DETROIT -- Red Wings general manager Ken Holland knew his team was one of the NHL's best a year ago.
Now, Holland hopes that's still the case.
Detroit fell one victory short of repeating as NHL champions in June, losing to Pittsburgh in a Stanley Cup finals rematch. Since then, the salary cap prevented the Red Wings from keeping star Marian Hossa, other key players and their backup goaltender.
The storied franchise still has some of the best players in hockey, including forwards Henrik Zetterberg and Pavel Datsyuk along with defenseman Nicklas Lidstrom. But it will rely on more young players this season than it has during a two-decade stretch of excellence.
"The exciting part is it's a new season, and a lot of players are getting a new opportunity," Holland said in a telephone interview from Sweden, where the Red Wings opened the season. "We still have the nucleus of our club that won a Cup, played in the last two finals and was in the final four the past three years. But we did lose a lot of goals because we had a lot of turnover.
"The difference is, last year I knew we had a shot because we kept our pieces and added Marian Hossa and this season we've got more unknowns."
Hossa's one-year gamble to win a Stanley Cup didn't work out last season, and he left to sign a lucrative deal with the Chicago Blackhawks, who also plucked Tomas Kopecky from Detroit.
Detroit's Jiri Hudler bolted to play in Russia, Mikael Samuelsson signed with Vancouver and goalie Ty Conklin left for St. Louis.
Those four skaters combined to score 88 goals and Conklin won 25 games during the regular season - only one fewer than Chris Osgood - and had a team-low 2.51 goals-against average.
The Red Wings are counting on production from players who were prospects a year ago and some veterans who have played for them in the past.
Ville Leino, Darren Helm, Justin Abdelkader and Jonathan Ericsson combined to play just 50 regular season games last year - and each will easily surpass that total if healthy.
"We really believe they're good players," said Steve Yzerman, a Red Wings vice president and former star. "We have a group of young players, much like back in '93, '94 when (Darren) McCarty, (Martin) Lapointe and Ozzie, those guys played a couple years in the minors and kind of became the core of our team for about 10 years."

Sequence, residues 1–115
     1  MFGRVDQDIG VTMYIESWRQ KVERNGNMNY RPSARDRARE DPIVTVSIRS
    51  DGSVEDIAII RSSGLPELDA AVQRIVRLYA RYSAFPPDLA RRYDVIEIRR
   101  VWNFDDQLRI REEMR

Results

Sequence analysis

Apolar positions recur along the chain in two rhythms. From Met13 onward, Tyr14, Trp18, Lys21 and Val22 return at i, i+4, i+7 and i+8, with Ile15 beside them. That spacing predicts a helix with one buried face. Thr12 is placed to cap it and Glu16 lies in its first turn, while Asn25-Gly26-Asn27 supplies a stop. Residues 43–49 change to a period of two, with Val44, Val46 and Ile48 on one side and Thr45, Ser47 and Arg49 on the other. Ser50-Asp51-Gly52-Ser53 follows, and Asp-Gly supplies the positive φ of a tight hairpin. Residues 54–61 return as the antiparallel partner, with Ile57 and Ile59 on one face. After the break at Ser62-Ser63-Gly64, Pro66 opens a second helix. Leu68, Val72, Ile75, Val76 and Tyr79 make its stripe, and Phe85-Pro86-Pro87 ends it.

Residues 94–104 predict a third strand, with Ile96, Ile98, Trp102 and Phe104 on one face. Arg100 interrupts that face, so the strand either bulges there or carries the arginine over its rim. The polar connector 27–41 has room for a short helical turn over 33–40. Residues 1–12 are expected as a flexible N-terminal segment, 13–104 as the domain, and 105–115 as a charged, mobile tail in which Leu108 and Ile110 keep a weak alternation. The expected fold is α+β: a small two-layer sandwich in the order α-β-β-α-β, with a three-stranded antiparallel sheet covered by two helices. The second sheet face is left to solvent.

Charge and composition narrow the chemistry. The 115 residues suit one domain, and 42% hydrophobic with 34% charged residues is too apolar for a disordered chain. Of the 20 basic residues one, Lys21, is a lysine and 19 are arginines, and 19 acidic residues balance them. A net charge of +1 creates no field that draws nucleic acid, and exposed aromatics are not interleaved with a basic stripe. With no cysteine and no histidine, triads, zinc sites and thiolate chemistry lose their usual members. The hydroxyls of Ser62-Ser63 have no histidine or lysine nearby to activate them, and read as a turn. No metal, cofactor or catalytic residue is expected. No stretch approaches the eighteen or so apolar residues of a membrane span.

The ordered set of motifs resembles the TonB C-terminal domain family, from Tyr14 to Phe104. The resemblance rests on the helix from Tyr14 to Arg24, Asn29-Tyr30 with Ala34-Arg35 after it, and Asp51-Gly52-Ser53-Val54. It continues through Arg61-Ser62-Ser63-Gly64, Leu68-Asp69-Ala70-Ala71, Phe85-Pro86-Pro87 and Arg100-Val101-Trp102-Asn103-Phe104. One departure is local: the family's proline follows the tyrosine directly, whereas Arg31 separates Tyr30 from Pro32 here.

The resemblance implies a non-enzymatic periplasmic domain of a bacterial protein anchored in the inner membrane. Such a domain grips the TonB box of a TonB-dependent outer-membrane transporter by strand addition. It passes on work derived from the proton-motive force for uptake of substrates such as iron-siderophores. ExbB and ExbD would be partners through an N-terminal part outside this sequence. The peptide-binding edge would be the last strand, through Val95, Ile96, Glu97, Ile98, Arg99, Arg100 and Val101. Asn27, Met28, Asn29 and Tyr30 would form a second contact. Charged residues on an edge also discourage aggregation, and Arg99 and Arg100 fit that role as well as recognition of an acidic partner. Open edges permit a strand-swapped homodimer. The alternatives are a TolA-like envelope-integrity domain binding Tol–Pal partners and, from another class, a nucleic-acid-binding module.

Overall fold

Detroit desperately needs another young player, Jimmy Howard, a second-round pick in 2003, to be Osgood's backup after playing just nine games in three NHL seasons.
Detroit brought back Todd Bertuzzi and Jason Williams as free agents and hope Patrick Eaves is this year's version of Dan Cleary. Eaves had 34 goals in his first two seasons in the league with Ottawa, then scored just 11 times the last two years.
Cleary scored 24 goals in a two-year stretch at the beginning of the decade and almost faded out of the league before reviving his career with 54 goals the last three years in Detroit.
The changes will push players such as Valtteri Filppula into a larger role offensively and will force the team to rely on Osgood and its stellar and stable group of defenseman with the 39-year-old Lidstrom and 28-year-old Niklas Kronwall.
"That's how we're going to win a lot of hockey games, being a tough team to play against defensively," veteran forward Kris Draper said.
Despite all the turnover and accompanying questions, Lidstrom still likes the Red Wings' chances.
"I think we're going to be one of the top teams in the league again," the captain said. "We've lost some players, but we added Jason Williams and I think Todd Bertuzzi's going to be a great addition.
"Looking at Kronwall, Filppula, players of that caliber are just going to make our team better so I'm real excited about this upcoming season."
Tomas Holmstrom is even more confident.
"For sure we're going back to the Stanley Cup finals," he said. "And if it would be Pittsburgh, we're going to beat them for sure."